VS.

Cover vs. Fledge

Published:

Covernoun

A lid.

Fledgeverb

(transitive) To care for a young bird until it is capable of flight.

Covernoun

(uncountable) Area or situation which screens a person or thing from view.

‘The soldiers took cover behind a ruined building.’;

Fledgeverb

(intransitive) To grow, cover or be covered with feathers.

Covernoun

The front and back of a book, magazine, CD package, etc.

Fledgeverb

(transitive) To decorate with feathers.

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Covernoun

The top sheet of a bed.

Fledgeverb

(intransitive) To complete the last moult and become a winged adult insect.

Covernoun

A cloth, usually fitted, placed over an item such as a car or sofa to protect it from dust, rain, etc. when not in use.

Fledgeadjective

(archaic) Feathered; furnished with feathers or wings; able to fly.

Covernoun

A cover charge.

‘There's a $15 cover tonight.’;

Fledgeadjective

Feathered; furnished with feathers or wings; able to fly.

‘His shoulders, fledge with wings.’;

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Covernoun

A setting at a restaurant table or formal dinner.

‘We need to set another cover for the Smith party.’;

Fledgeverb

To furnish with feathers; to supply with the feathers necessary for flight.

‘The birds were not as yet fledged enough to shift for themselves.’;

Covernoun

(music) A new performance or rerecording of a previously recorded song; a cover version; a cover song.

Fledgeverb

To furnish or adorn with any soft covering.

‘Your master, whose chin is not yet fledged.’;

Covernoun

(cricket) A fielding position on the off side, between point and mid off, about 30° forward of square; a fielder in this position.

Fledgeverb

feed, care for, and rear young birds for flight

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Covernoun

(topology) A set (more often known as a family) of sets, whose union contains the given set.

‘The open intervals are a cover for the real numbers.’;

Fledgeverb

decorate with feathers;

‘fledge an arrow’;

Covernoun

(philately) An envelope complete with stamps and postmarks etc.

Fledgeverb

grow feathers;

‘The young sparrows are fledging already’;

Covernoun

(military) A solid object, including terrain, that provides protection from enemy fire.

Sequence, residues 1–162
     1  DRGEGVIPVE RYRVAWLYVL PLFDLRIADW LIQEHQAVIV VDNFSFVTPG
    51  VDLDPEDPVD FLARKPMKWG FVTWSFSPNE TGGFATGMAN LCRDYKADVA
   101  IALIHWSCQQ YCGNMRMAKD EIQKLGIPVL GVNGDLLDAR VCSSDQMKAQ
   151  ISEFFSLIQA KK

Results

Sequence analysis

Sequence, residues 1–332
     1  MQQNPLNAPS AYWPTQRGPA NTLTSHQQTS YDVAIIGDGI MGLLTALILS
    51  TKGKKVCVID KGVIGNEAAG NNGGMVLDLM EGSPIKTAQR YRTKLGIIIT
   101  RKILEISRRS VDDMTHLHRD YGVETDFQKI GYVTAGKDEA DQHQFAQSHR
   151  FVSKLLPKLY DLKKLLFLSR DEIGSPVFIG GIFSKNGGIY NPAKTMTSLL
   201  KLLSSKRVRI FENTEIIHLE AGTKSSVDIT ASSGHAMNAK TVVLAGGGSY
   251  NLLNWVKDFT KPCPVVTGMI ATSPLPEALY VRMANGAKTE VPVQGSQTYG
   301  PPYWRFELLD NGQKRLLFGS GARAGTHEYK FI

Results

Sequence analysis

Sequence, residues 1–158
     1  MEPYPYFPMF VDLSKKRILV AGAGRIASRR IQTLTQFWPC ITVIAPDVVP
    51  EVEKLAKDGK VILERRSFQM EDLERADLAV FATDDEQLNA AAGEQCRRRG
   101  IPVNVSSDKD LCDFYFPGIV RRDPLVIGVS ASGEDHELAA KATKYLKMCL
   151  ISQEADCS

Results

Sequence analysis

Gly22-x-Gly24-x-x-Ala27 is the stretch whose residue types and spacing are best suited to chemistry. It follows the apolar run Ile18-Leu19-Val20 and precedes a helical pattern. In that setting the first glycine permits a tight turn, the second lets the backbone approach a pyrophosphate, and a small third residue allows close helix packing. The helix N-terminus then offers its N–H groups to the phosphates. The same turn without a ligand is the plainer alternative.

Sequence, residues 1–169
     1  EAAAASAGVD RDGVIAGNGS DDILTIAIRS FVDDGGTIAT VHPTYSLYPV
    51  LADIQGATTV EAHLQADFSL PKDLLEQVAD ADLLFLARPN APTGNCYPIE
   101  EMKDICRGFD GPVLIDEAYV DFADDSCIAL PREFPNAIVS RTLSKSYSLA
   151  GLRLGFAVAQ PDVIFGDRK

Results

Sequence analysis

Fledgeverb

(of a young bird) develop wing feathers that are large enough for flight

‘the young fledge around four weeks after hatching’;

Covernoun

(legal) In commercial law, a buyer’s purchase on the open market of goods similar or identical to the goods contracted for after a seller has breached a contract of sale by failure to deliver the goods contracted for.

Fledgeverb

bring up (a young bird) until its wing feathers are developed enough for flight

‘they fledged twenty-four chicks in fourteen months’;

Covernoun

(insurance) An insurance contract; coverage by an insurance contract.

Fledge

Fledging is the stage in a flying animal's life between hatching or birth and becoming capable of flight. This term is most frequently applied to birds, but is also used for bats.

Covernoun

(espionage) A persona maintained by a spy or undercover operative; cover story.

Covernoun

(dated) A swindler's confederate.

Covernoun

The portion of a slate, tile, or shingle that is hidden by the overlap of the course above.

Covernoun

In a steam engine, the lap of a slide valve.

Covernoun

(construction) The distance between reinforcing steel and the exterior of concrete.

Coveradjective

Of or pertaining to the front cover of a book or magazine.

Coveradjective

(music) Of, pertaining to, or consisting of cover versions.

Coververb

(transitive) To place something over or upon, as to conceal or protect.

‘He covered the baby with a blanket.’; ‘When the pot comes to a boil, cover it and reduce the heat to medium.’;

Coververb

(transitive) To be over or upon, as to conceal or protect.

‘The blanket covered the baby.’;

Coververb

(transitive) To be upon all of, so as to completely conceal.

‘Regular hexagons can cover the plane.’;

Coververb

(transitive) To set upon all of, so as to completely conceal.

‘You can cover the plane with regular hexagons.’;

Coververb

To put on one's hat.

Coververb

(transitive) To invest (oneself with something); to bring upon (oneself).